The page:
Editorial Introduction by Dr Jonathan W. Marshall:
Reproduced below is a transcript of the performance component of a presentation given by Greg Burley at the 2009 ADSA conference. 1 The text borrows much of its form from Australian bush ballads of the late nineteenth and early twentieth centuries (Banjo Paterson, Tom Collins, C.J. Dennis, etcetera), paying particular attention to the folkloric nature of the genre and the mythologising of masculinity such ballads often promoted. The poem revolves around the doomed romance of an otherwise heterosexual stockman and “Herc”: a character inspired in part by the deathbed memoirs of Herculine Barbin, a nineteenth century intersexed individual (“pseudo-hermaphrodite”), who possessed both a vaginal groove and a penis. Barbin’s complete confessional diary was first published in 1978 by Michel Foucault. 2
Also interspersed through Burley’s poem below are snatches of text whose performance and percussive rhythms are intended to echo cotemporary US rap music, which is also known for its penchant for mythologising masculinity.
In this manner, the presence of intersexuality, coupled with images, references and linguistic tropes from late twentieth century culture embedded within the bush ballad form, serve to “queer” the text and the performative utterances which are both embodied and placed in quotation marks through a vocal performance of it. The poem and the issues it raises remains an ongoing focus of Burley’s research.
“The Ballad of Hercule Barbin” by Greg Burley
The sun had barely risen; I was on sheep number forty-two
when our new boy arrived in a battered, old HQ.
With a glint in his eye and an expression carved in stone,
our new boy told Toby he was a two-bit, bloody drone.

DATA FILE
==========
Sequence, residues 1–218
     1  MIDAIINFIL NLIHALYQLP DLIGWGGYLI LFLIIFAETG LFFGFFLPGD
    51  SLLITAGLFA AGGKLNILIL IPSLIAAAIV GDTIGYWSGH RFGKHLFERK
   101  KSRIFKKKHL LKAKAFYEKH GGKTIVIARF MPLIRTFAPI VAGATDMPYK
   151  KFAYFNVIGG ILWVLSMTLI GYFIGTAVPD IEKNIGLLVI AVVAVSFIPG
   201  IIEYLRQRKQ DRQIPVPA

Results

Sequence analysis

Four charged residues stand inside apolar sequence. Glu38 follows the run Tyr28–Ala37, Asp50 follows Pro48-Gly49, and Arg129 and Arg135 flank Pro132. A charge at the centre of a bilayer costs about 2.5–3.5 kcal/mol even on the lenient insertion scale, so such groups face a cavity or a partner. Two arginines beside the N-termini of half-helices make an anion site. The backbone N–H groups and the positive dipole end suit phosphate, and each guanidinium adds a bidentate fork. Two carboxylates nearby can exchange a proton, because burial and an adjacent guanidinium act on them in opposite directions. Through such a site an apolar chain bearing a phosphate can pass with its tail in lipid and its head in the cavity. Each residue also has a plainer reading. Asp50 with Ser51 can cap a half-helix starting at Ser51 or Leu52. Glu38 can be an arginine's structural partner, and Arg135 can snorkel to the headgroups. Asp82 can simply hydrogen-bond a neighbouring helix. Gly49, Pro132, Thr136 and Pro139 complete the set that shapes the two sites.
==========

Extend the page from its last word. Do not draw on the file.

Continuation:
“Afternoon is denoted by the hands upon the clock.
“Mate you must be blind or you’re speaking a load of crock.
“Hercule’s the name,” he said as he sat on Old Blue’s perch.
“But seeing as this is Australia, folks just call me Herc.”
Now Herc he was of a race I’d never seen before.
The closest was Chinese or an American Indian Squaw.
And not a wrinkle on his face, he was as pretty as I ever saw.
Prettier than Bardot, Turner and Gabor.
And when Herc he got working, he was strong and full of grace.
Not a bead of sweat appeared, on that lovely, lovely face.
At noon the trouble started when Mack woke from his lunchtime kip
and said that word, the word that was, on all our sun-parched lips.
He turned to Herc and sneered, Mack was never one to infer,
“What a screaming bloody poof. You’re no he you’re a her.
“Blokes like you are queer; you make me bloody sick.
“I reckon I saw you dreamin’ of sucking on my dick.”
Herc jumped to his feet and started bobbing, bobbing to and fro.
“Come on you big fat cunt, have a fuckin’ go.”
Yeah Mack he was a big bugger alright, six foot-four across
and I know that if he killed young Herc, he wouldn’t give a toss.
And I’m sure he was part werewolf, with hair so thick, so long, so black.
Too bad it only covered his broad and muscled back.
There wasn’t a whisker on his head; he was as bald as a bushman’s sack.